However, now that we are learning more about CBD from Hemp, we’re discovering ways to get the powerful therapeutic benefits from phytocannabinoids without the unwanted side effects from the mind-altering compound, THC. Keep reading to learn more about how CBD and THC interact with pain.
If you follow the links to the scientific papers in this section, you’ll find an immense body of work detailing the literature available on CBD and pain studies. If you don’t have time to sort through it all, let me save you the trouble.
Briefly summarizing, scientists are generally in agreement that cannabinoid compounds such as CBD do indeed show powerful pain-relieving properties, but they haven’t nailed down exactly how to use this knowledge to create ‘clinically approved medicines’. A sentiment reiterated recently by Peter Grinspoon, MD in an article in the Harvard Health Blog.
CBD and Chronic Pain Studies
Okay, so it seems CBD does have the potential to remedy pain but does it actually? Is CBD truly effective at reducing symptoms of chronic pain?
As I mentioned, pain can be somewhat difficult for scientists to measure and study. However, researchers have been able to quantify CBD’s benefits on pain by looking at how it affects opioid use in elderly patients.
One such study was recently published in the journal, Cannabis and Cannabinoid Research, looked at exactly that measure.
Their findings suggest that “Medical cannabis patients report that cannabis is just as effective, if not more, than opioid-based medication for pains,” according to the lead author Amanda Reiman from the University of Berkley.
Thirty-four percent of the medical cannabis patients surveyed reported using opioid-based pain medicines in the past six months.
“Respondents overwhelmingly reported that cannabis provided relief on par with their other medication, but without the unwanted side effects.”
In the study, an overwhelming majority of participants agreed that cannabis allowed them to reduce the number of opiates they consume and that taking cannabis by itself was more effective at treating their condition than taking cannabis with opioids.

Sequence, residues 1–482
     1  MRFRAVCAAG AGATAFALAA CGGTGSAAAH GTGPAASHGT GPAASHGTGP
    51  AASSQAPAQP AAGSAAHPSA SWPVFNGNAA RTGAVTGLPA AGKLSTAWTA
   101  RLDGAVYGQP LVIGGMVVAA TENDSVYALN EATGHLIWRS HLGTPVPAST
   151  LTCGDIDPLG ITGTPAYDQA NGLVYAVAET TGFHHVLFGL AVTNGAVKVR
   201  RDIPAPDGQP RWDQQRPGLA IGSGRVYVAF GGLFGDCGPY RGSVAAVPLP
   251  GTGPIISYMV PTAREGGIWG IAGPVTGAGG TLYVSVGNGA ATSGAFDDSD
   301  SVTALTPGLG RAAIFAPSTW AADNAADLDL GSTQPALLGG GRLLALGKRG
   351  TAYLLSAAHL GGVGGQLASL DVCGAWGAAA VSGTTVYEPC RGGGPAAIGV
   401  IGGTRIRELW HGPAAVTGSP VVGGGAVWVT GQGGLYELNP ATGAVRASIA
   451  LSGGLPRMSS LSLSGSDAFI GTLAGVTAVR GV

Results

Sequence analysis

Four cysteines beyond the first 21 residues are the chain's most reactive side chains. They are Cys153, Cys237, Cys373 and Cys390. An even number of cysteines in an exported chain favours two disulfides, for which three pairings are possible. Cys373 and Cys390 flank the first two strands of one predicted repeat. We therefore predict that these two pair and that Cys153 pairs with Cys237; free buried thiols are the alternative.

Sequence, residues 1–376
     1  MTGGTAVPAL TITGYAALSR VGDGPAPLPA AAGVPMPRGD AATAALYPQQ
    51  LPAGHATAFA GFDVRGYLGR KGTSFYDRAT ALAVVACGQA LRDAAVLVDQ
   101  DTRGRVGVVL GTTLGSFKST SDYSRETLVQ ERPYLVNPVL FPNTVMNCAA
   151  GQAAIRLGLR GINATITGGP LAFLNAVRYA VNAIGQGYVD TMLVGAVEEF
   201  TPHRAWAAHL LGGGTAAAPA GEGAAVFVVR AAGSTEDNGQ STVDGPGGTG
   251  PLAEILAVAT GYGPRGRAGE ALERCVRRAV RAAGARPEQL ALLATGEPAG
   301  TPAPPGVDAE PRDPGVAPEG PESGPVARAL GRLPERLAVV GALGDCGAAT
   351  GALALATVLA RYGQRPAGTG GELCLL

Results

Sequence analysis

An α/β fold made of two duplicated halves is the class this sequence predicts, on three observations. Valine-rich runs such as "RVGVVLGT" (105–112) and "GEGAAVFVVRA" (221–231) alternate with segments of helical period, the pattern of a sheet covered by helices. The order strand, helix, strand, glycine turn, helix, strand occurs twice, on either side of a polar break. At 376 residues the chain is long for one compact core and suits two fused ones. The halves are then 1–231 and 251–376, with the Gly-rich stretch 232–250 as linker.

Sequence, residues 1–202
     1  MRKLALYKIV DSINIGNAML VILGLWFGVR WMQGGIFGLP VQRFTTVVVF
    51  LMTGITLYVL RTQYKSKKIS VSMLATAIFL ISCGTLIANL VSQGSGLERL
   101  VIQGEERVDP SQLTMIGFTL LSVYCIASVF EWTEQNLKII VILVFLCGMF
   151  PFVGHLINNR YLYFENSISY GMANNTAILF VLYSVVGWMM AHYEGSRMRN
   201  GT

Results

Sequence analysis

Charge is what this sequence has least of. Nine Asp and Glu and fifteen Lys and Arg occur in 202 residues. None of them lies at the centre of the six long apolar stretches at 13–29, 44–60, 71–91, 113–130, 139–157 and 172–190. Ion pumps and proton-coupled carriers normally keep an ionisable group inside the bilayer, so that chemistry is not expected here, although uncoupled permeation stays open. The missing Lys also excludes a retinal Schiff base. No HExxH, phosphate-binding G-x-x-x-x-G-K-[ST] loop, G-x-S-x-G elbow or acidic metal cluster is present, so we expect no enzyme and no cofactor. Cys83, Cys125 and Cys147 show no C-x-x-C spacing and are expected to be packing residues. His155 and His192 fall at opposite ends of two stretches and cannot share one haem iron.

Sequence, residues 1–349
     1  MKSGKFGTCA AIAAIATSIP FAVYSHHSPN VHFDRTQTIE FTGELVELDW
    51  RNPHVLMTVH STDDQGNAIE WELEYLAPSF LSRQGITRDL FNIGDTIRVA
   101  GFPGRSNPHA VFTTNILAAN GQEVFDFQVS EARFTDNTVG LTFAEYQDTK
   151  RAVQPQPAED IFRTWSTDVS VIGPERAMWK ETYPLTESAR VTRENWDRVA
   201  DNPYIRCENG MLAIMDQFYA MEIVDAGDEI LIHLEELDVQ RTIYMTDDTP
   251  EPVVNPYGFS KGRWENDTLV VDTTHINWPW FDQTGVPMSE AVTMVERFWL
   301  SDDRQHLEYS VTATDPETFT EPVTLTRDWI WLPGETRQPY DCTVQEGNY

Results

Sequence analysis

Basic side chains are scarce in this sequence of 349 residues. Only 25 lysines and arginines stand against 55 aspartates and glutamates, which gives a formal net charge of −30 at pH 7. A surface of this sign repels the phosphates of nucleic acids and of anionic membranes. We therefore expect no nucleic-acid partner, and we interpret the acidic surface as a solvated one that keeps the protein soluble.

As well, the study showed similar results comparing cannabis with other non-opioid based medicines. However, these are just findings from one limited survey that included almost 3,000 medical cannabis patients though.
However, In this case it wasn’t clear the cannabinoid composition in regards to CBD versus THC and we want to know specifically about CBD’s effect on chronic pain.
Another survey conducted across seven pain clinics in Southern California asked patients and caregivers about their knowledge, beliefs, and personal experiences with CBD.
Key findings from the survey published in a 2019 issue of The Journal of Pain include –
- 63% reported trying CBD products that also contain THC
- 3% reported trying CBD only products
- Of those who’ve taken CBD only, 57% reported it helped their condition and 61.7% said it reduced their pain medication, including opioids
The types of pain reportedly alleviated in this study by CBD include –
- Back pain (64%)
- Nerve and neck pain (38.30%)
- Migraines (29.79%)
- Limb pain, Fibromyalgia, and others (19.15%)
Of course, there are limitations to these types of monographic studies, but the data can help to identify areas of interest for future, more controlled research. This data also shows us that people are finding good results with CBD only and chronic pain, however in this sample most people were using full spectrum CBD that contains THC.
Unfortunately, there has been little work done in regards to large, well-organized and controlled clinical trials on CBD and chronic pain in humans. However, early findings do indicate CBD has analgesic properties and great potential, including in the mental health issues that can occur when living with severe chronic pain.
CBD’s effects on Chronic Pain in Traumatic Brain Injury in Mice
Recently, a group of Italian researchers’ work on studying CBD’s effects in chronic pain and brain damage was published in the journal, Frontiers Spotlight.
The scientists wanted to see if CBD could be used to help with chronic pain symptoms related to mild traumatic brain injury.
So how did they test CBD on chronic pain in animals? Well, long story short, they bopped mice on the head with a weight hard enough to inflict what they call “mild traumatic brain injury”.